Wednesday, 12 December 2018 09:58

ASD says 5G network claims refer to 'mature' architecture; techies disagree Featured

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ASD says 5G network claims refer to 'mature' architecture; techies disagree Pixabay

The Australian Signals Directorate claims that comments made by its director-general, Mike Burgess, in October, that there is no separation between the 5G radio access network and its core, are correct and referred to "mature" and "far more capable 5G network architectures".

The agency was responding to an inquiry from iTWire, made on 22 November, and pointing out that Burgess' comments appeared to be contradicted by a 5G trial in Auckland conducted jointly by Chinese telecommunications equipment supplier Huawei and New Zealand telco Spark.

An article on 23 November referred to the contradiction and also to the fact that ASD had not responded to the query at that time.

The trial used a Huawei 5G NR (New Radio on both the C-band and mmWave) and a 4G Radio Access Network, both of which were deployed by using dedicated hardware connected to the Cisco Evolved Packet Core, with each component isolated.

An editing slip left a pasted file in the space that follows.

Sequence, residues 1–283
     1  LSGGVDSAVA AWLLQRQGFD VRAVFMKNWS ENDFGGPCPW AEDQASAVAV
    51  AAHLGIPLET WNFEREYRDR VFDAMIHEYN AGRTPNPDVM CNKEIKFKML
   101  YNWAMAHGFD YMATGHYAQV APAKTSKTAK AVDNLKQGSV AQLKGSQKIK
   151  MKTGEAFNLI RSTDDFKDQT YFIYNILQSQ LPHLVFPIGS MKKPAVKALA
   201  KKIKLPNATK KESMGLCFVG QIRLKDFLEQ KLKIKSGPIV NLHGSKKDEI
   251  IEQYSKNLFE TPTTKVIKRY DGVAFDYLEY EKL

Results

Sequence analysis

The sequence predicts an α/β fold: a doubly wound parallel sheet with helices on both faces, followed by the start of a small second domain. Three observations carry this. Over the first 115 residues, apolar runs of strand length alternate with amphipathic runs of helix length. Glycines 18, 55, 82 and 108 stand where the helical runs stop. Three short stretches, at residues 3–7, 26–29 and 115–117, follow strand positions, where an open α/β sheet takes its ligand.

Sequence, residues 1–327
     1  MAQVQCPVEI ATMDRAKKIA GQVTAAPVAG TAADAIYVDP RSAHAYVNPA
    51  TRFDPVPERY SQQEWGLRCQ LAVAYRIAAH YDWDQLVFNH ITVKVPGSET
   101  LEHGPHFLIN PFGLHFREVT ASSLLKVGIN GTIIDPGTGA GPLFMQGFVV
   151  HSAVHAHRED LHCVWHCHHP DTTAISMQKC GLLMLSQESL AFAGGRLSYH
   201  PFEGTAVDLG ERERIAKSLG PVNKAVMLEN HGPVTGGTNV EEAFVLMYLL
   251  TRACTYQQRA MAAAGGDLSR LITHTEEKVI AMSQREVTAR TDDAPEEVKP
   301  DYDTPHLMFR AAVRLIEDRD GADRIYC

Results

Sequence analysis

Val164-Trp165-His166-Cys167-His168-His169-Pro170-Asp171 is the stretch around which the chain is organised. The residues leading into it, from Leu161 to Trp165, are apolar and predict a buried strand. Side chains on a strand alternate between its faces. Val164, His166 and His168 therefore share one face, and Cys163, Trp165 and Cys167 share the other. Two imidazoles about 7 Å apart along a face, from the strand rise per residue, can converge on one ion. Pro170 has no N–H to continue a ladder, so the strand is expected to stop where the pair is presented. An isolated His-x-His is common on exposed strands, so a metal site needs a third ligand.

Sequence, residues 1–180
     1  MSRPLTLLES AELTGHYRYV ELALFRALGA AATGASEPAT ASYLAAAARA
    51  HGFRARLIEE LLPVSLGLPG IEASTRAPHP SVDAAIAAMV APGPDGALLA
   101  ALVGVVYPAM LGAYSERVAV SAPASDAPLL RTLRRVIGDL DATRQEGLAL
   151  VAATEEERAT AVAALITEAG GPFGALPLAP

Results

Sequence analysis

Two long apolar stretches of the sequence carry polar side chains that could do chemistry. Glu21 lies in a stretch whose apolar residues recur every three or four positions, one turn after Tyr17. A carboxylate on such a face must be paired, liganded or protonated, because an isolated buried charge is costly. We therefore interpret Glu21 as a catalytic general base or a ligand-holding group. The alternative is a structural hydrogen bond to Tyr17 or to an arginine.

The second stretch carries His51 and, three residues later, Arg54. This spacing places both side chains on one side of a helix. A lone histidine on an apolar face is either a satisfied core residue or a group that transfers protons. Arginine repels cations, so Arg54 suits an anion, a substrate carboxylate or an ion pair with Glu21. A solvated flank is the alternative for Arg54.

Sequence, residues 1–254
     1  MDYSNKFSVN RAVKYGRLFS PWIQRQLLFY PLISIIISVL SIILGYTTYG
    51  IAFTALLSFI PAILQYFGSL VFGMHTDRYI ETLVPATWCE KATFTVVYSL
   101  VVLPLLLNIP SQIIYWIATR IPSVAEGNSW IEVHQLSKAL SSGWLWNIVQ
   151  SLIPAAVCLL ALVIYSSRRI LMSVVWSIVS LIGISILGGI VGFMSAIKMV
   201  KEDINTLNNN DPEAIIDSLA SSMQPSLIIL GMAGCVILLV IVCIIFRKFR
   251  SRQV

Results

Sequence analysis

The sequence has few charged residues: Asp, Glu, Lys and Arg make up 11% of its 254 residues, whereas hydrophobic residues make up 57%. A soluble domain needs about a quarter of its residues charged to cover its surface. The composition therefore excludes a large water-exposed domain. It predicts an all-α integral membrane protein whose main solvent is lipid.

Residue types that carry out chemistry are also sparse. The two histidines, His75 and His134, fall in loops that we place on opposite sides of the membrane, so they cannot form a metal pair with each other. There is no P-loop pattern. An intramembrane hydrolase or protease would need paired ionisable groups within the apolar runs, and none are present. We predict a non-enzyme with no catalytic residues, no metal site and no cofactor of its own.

Burgess was quoted by The Australian in October as saying in what many dubbed a major speech: “The distinction between core and edge collapses in 5G networks. That means that a potential threat anywhere in the network will be a threat to the whole network."

In its response, sent to iTWire last week, the ASD said this demonstration was "an early version of ‘5G’ which allows users faster mobile broadband".

It added: "Specifically, in a lab deployment Huawei has deployed 3GPP release 15 compliant Huawei 5G NR (new radio) RAN (radio access network) and 4G RAN connected to a Cisco EPC (evolved packet core, or 4G core). This is a non-stand-alone (NSA) 5G deployment, similar to how most mobile operators are initially deploying 5G.

"The Australian Government’s concerns with the use of high-risk vendors in 5G networks focused on the risks posed to telecommunications critical infrastructure deploying ‘mature’ and far more capable 5G network architectures.

"Mature 5G enables functionality such as network function virtualisation, edge computing, automation and orchestration.